Penguin Classics and Others Work to Diversify Offerings From the Canon

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tags: books, literature, diversity, multiculturalism, canon

When the playwright and filmmaker Kathleen Collins’s short stories were published in 2016, nearly 30 years after her death in 1988, they were called a “revelation.” The stories, deeply moving and autobiographical, had been locked in a trunk untouched for decades, along with a trove of other work, until Collins’s daughter, Nina Lorez Collins, took on the task of bringing them to light.

At first, Ms. Collins said, she thought no one would publish these “literary short stories by an unknown dead black woman.” But in 2016, Ecco released them in a collection titled “Whatever Happened to Interracial Love?,” which was met with widespread acclaim. Elizabeth Alexander, in the book’s introduction, compared finding Collins’s stories to discovering Atlantis.

The revival of Collins’s work is part of a larger trend of recently released titles by authors who were previously marginalized or entirely lost to history. Some of these books are being published for the first time ever (like “Romance in Marseille,” by Claude McKay, and “Barracoon,” by Zora Neale Hurston), while others are being resurfaced for new generations, such as “The Street,” by Ann Petry.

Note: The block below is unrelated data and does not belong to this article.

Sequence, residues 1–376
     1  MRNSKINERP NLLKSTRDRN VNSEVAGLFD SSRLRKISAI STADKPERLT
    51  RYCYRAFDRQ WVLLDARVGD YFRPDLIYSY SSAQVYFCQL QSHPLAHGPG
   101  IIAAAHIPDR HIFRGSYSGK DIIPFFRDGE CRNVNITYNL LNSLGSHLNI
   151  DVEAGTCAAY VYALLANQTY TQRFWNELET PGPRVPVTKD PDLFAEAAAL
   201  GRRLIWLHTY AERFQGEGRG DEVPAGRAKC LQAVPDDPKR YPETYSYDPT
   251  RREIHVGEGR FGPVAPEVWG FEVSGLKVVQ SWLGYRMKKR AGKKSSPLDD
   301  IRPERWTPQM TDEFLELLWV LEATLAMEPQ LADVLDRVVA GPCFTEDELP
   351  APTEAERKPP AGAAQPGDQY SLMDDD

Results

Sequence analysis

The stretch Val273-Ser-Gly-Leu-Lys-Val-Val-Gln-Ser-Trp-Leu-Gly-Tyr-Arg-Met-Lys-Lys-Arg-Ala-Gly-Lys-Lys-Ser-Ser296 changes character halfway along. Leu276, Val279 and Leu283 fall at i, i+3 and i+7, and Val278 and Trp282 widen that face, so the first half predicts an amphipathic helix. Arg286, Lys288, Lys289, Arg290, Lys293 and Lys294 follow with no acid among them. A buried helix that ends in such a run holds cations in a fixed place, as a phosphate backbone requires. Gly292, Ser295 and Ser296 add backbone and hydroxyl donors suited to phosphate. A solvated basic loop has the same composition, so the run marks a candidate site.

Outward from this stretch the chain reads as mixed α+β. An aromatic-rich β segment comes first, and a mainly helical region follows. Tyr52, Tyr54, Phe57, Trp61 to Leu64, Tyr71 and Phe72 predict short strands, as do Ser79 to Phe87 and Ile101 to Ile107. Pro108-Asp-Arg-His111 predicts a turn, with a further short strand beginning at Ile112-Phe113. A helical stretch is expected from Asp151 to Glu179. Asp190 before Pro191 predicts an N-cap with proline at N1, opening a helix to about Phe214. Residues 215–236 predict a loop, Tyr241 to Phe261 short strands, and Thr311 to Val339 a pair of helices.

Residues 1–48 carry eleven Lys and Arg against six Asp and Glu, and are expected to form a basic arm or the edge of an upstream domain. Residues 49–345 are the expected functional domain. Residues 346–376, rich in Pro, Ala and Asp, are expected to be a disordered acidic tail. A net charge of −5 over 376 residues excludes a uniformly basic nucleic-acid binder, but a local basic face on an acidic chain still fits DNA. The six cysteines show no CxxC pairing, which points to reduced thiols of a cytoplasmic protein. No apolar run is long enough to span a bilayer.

The critical and commercial success of these titles is a result of a combination of factors: initiative on the part of writers’ families or estates; changing leadership within the publishing industry; and a willingness among modern readers to engage with unknown texts.


Read entire article at New York Times

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